Your leaking thatched hut during the restoration of a pre-Enlightenment state.


Hello, my name is Judas Gutenberg and this is my blaag (pronounced as you would the vomit noise "hyroop-bleuach").


decay & ruin
Biosphere II
dead malls
Irving housing

got that wrong

appropriate tech
Arduino μcontrollers
Backwoods Home
Fractal antenna

fun social media stuff

(nobody does!)

Like my brownhouse:
   cliffs near the cabin
Sunday, September 19 2021

location: 800 feet west of Woodworth Lake, Fulton County, NY

Again I woke up kind of late, and again my first mission was some basic surveillance and brush clearing on the Lake Edward Trail, though I still haven't found where the trail continues west from the swampy bottom of the hill our cabin sits near the top of. I thought I'd found one of Gretchen's flags, but it turned out to be a survey marker, perhaps for the surveyed boundary of one of the Woodworth Lake properties west of our parcel.
After feeding the dogs, I told them to follow me as I walked down to the lake. (Ramona seemed disappointed that we weren't going for a car ride; she stopped for a moment by the car and looked at me with disappointment as I headed down the muddy back "yard" into the forest.)
At the nascent dock, systematically installed the remaining ten-foot two by sixes while Throckmorton the Loon swam back and forth in what looked like the middle of the lake. There wasn't much for the dogs to do, so they slept on the merkin-like patch of grass just up the bank from the dock. Eventually Ramona moved over to a soft patch of moss under the blueberry bushes that rather resembled a dog bed.
When the structure of the dock was complete, I installed four joist hangers (all they'd had at the Albany Home Depot) on two of the joists. Other things I'll have to do next time I'm at the cabin include installing three more washers (I'd had 25 but had needed 28). Towards the end of my time at the dock, I saw row boat with two people in it head from Pyotr's dock over to bay outlet bay at the north end of the lake. I didn't feel like talking to anyone on the chance that they came by, so that was one of my incentives for leaving the dock area (in addition to having completed all the work that I could complete).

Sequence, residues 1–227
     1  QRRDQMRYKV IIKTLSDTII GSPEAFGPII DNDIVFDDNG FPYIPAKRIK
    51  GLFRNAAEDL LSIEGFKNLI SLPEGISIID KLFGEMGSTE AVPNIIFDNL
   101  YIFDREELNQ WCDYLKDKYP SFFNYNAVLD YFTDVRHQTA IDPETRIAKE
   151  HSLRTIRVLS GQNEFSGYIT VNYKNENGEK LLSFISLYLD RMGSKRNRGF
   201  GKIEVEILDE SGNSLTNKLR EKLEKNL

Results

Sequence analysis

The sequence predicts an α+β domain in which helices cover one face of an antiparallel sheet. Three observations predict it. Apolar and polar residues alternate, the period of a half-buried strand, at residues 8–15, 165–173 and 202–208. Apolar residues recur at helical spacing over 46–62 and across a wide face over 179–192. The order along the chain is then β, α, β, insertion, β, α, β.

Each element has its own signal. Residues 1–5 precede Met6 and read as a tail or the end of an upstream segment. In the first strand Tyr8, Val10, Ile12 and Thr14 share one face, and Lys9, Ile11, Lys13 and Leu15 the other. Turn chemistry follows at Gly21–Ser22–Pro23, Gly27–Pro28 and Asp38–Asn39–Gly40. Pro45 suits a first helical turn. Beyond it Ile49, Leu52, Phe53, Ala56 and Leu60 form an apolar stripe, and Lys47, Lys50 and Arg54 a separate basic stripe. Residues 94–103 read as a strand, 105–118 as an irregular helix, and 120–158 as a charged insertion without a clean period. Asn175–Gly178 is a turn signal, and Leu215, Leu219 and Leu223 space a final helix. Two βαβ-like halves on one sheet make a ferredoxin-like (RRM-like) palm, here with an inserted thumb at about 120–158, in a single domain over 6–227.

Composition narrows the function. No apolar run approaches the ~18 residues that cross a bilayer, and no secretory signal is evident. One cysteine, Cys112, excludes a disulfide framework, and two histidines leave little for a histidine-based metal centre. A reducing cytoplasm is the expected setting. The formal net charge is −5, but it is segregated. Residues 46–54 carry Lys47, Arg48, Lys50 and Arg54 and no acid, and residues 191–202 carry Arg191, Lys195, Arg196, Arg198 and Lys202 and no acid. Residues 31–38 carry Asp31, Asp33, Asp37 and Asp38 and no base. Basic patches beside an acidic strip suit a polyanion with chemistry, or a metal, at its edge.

On the walk back to the cabin, I took a detour on the trail to the north end of the lake. But instead of going down there (that's where Pyotr and his rowboat were after all), I left the trail and went into the forest to see if I could find the line of cliffs I knew lay somewhere between the lake and our cabin, a line that our trail to the lake bypasses. We'd encountered these cliffs on our first visit to this parcel over a year ago, and I wanted a better look at them. Before long, there they were. They weren't as dramatic as the cliffs Gretchen and I had found while coming back from Lake Edward Labor Day weekend. But there are at least two lines of them with a terrace in between, and I didn't even look at the lower line today. The cliffs of the upper line have as much as 20 feet of relief and there are some impressive cracks in them into which creatures (though probably not bears) could make effective use of. Interestingly, there is also a marked trail going up through the cliffs, presumably connecting the lake to our cabin area.
After we'd followed the line of cliffs to where they seemed to peter out on their north end, we climbed the hill a little further and found we weren't far from the cabin, whose clearing we entered from the northwest.
At the cabin, I did some cleaning up, measured some scrap larch planks to see how many I'd need for dock decking, and then did some light chainsawing to clear a number of logs lying across the Lake Edward Trail near the cabin.